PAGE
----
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Dec. 11, 2014 — A loud silence

It’s been a couple of days since the release of a Senate Intelligence Committee report on the role of the CIA and other intelligence agencies in the years after the Sept. 11 attacks, and how their use of torture and other enhanced interrogation techniques have yielded, or failed to yield, actionable intelligence.

And yet, in the streets of Middle Eastern and Arab states, there has been — silence.

In the past, when pictures of the Abu Grahib detention center were made public, or when a Danish publication published cartoons showing Muhammad, or when word got out that an interrogator allegedly flushed a Koran down a toilet in a prison, reaction in the Middle East has been swift and violent.

There has not been riotous demonstrations, marches, suicide bombs, or anything resembling the enormous popular uprising as was feared by CIA apologists earlier this week.

What’s going on here?

I think what many people are realizing is that perhaps the United States government, in allowing the release of these findings, is beginning to right the ship when it comes to global diplomacy.

The term in play here is “moral authority.” The term is not packaged in a neat box, but the way I see it, it’s about the degree to which state actors, in the name of the people of the United States, hold to the values by which its citizens live.

One can argue that the erosion of the moral authority of the United States occurred far before the prosecution of the wars in Iraq and Afghanistan led to the creation of black sites and the re-occupation of the ultimate black site, the Guantanamo Bay area in Cuba.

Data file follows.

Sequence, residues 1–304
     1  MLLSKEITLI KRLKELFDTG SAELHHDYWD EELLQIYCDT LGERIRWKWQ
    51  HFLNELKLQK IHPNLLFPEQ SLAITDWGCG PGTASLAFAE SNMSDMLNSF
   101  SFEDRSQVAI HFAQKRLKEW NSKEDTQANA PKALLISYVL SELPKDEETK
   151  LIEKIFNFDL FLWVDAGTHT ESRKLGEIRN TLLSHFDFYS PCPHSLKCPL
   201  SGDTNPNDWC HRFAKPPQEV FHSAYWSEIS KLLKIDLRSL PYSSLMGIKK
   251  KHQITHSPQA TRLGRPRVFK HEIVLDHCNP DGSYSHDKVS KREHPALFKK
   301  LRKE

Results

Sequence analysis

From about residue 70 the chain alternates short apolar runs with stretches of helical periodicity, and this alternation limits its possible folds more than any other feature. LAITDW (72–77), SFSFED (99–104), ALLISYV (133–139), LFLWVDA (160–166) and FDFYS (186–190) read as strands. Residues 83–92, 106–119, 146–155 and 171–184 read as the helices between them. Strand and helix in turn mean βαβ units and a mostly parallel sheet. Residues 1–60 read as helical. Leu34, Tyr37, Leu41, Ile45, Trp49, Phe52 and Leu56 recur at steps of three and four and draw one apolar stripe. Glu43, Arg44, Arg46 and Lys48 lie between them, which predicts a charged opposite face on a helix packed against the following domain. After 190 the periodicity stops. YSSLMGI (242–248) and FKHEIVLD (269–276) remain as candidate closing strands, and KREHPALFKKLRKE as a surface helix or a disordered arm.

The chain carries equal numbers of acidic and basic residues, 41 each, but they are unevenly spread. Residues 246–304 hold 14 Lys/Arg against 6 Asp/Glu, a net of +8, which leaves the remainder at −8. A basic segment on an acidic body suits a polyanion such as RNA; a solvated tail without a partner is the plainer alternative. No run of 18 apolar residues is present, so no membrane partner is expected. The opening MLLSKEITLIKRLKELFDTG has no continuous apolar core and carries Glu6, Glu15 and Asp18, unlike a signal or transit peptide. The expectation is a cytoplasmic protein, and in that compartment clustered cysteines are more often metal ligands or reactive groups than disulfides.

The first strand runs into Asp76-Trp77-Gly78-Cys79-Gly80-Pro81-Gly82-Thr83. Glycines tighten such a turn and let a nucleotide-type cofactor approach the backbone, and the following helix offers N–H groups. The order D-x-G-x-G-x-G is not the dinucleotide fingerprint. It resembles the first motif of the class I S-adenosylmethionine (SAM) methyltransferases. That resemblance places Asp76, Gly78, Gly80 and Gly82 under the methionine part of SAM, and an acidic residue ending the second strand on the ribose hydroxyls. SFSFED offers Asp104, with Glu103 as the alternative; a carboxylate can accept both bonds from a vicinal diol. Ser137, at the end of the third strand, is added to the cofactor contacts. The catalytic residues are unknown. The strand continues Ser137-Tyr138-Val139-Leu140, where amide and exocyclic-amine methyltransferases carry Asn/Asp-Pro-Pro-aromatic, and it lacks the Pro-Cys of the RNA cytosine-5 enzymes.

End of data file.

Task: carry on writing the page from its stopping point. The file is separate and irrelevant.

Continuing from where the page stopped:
The erosion occurred throughout the last century as the United States was involved in many destabilization efforts in Central and South American nations to protect the United Fruit Company and oil interests. And when destabilization didn’t work, outright invasions of nations like Haiti, Grenada, and Panama ensued.

The Obama executive order in 2009 ending enhanced interrogation is just one step, however, in the rebuilding of American moral authority. There may have to be hearings and perhaps even a judicial panel to figure out whether officials prosecuting the so-called “War On Terror” committed war crimes.

Meanwhile, it was estimated by the BBC yesterday that Islamic jihadi activity in November 2014 resulted in the deaths of roughly 5,000 people.

It’s not easy maintaining your moral authority against those without morals, for sure.

But to show that your government is willing to admit its mistaken belief in a misguided policy is a start.


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